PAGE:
The European Securities and Markets Authority has published its final report and technical advice to the European Commission on incorporating sustainability risks and factors into European regulation. The European Commission sought advice from ESMA and the European Insurance and Occupational Pensions Authority in July 2018 on the introduction of environmental, social and governance considerations into the Markets in Financial Instruments Directive II, the Insurance Distribution Directive, the Alternative Investment Fund Managers Directive, the Undertakings for Collective Investment in Transferable Securities Directive and the Solvency II Directive. The introduction of sustainability considerations into European regulation sits against the backdrop of the European Commission's Sustainability Action Plan, which aims to encourage sustainable investment and mitigate climate change risk in line with the 2016 Paris Agreement and UN 2030 Agenda for Sustainable Development. In response, ESMA opened consultations seeking input from stakeholders, which closed on February 19, 2019.

    Read more.
  • UK Regulators Host the First Meeting of the New Climate Financial Risk Forum
    03/13/2019

    The Financial Conduct Authority and the Prudential Regulation Authority have published press releases following the first meeting of the Climate Financial Risk Forum on March 8, 2019. The CFRF is a joint forum established by the PRA and FCA in late 2018. The CFRF aims to encourage financial sector approaches towards managing the financial risks from climate change as well as supporting green finance. The CFRF will develop practical tools and approaches to reduce the barriers for firms looking to adopt a strategy for minimizing financial risks from climate change. The regulators are concerned with both the impact of climate change itself and the transition to supporting a low carbon economy. Both the FCA and the PRA consulted in late 2018 on the impact of climate change. The PRA consulted on a draft Supervisory Statement on managing the financial risks from climate change and the FCA consulted on climate change and green finance and the potential changes to its regulatory approach to these issues. The FCA consultation set out specific actions that the FCA intends to take in the short term in four areas - capital markets disclosures, public reporting requirements, green finance and pensions.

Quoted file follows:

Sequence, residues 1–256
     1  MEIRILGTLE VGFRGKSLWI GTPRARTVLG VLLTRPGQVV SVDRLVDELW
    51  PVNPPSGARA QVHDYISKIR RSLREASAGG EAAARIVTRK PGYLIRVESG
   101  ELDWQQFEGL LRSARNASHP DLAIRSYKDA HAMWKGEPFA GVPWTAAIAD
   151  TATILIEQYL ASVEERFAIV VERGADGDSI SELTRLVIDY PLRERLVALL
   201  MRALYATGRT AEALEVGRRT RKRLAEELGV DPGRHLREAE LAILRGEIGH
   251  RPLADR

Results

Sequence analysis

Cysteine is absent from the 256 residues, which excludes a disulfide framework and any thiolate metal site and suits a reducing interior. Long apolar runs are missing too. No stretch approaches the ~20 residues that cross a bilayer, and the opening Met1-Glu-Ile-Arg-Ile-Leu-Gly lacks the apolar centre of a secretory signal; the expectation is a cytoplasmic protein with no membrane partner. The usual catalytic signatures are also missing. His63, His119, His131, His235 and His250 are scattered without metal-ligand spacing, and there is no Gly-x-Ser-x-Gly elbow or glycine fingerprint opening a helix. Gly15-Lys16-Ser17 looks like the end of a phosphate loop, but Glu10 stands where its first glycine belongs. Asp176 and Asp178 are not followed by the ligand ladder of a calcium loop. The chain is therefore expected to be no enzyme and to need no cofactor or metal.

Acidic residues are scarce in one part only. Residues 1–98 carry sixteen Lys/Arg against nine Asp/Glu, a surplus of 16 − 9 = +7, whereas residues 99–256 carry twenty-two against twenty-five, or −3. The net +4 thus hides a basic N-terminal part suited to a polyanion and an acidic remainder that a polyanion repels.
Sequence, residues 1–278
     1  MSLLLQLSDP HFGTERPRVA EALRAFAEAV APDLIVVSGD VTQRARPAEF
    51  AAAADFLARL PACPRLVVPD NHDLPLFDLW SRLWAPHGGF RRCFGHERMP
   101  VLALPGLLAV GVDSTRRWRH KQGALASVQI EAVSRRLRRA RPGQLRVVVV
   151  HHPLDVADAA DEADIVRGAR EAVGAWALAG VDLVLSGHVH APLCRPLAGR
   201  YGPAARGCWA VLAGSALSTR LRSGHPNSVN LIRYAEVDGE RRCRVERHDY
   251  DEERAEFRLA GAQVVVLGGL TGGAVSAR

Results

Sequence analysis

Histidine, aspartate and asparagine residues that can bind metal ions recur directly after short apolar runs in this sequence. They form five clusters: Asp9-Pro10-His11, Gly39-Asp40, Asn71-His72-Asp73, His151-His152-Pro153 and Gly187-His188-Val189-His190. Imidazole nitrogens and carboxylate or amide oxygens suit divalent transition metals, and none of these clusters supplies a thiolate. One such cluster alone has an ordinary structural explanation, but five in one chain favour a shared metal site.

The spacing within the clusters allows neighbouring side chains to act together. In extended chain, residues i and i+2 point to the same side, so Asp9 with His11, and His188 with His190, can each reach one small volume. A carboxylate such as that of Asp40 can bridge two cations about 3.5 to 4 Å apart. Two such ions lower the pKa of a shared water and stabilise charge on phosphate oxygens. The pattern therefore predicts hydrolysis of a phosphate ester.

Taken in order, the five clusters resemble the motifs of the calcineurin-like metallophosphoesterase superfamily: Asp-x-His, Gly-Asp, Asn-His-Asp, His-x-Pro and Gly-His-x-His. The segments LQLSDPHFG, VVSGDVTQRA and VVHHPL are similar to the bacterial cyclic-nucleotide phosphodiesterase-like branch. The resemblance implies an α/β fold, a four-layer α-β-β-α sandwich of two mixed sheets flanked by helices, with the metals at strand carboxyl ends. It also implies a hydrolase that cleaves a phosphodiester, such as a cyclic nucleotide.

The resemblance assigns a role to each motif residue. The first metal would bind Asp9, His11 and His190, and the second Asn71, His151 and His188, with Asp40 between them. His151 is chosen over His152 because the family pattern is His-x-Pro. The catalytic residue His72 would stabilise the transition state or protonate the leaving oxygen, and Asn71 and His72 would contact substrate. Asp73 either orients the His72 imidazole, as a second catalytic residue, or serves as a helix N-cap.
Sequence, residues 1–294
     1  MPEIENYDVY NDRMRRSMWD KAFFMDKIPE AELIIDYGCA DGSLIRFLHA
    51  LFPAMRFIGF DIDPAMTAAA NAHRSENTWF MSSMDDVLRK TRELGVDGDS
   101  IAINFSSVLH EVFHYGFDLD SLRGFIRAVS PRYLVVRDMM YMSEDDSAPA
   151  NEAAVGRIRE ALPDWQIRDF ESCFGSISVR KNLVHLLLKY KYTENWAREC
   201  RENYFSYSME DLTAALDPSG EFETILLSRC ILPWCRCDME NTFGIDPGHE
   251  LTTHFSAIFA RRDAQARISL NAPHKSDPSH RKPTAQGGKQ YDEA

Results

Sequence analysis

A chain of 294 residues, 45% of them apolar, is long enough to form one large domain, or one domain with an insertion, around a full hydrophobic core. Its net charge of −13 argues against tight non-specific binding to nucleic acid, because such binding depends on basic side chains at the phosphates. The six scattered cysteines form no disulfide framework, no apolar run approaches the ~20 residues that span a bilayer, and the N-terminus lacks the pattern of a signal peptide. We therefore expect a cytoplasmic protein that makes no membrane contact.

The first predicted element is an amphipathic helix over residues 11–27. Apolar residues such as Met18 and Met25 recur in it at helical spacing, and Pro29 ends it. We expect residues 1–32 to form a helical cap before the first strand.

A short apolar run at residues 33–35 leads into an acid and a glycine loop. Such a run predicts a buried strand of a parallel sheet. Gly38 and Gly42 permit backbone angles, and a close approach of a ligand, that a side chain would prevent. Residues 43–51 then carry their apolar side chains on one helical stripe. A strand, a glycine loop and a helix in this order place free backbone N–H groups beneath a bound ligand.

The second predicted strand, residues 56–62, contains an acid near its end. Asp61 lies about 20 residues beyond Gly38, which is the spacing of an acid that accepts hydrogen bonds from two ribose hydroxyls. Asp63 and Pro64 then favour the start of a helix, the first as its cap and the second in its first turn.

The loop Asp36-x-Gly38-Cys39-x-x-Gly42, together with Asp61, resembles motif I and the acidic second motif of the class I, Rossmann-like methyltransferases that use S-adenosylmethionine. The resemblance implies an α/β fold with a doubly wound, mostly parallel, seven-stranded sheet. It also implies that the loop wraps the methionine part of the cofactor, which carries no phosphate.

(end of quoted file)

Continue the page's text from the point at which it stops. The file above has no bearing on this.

Read more.
  • Report of the Technical Expert Group Subgroup of the European Commission on Green Bond Standard: Proposal for an EU Green Bond Standard
    03/06/2019

    In its Interim Report on green bonds, the Technical Expert Group has made a proposal for an EU Green Bond Standard. Green bonds are bonds specifically earmarked to be used for climate-related and environmental projects. The aim of the consultation was, in light of the European Commission’s Action Plan on Financing Sustainable Growth published in March 2018, to create a standard that would further improve the credibility of green bonds and help the EU market mature.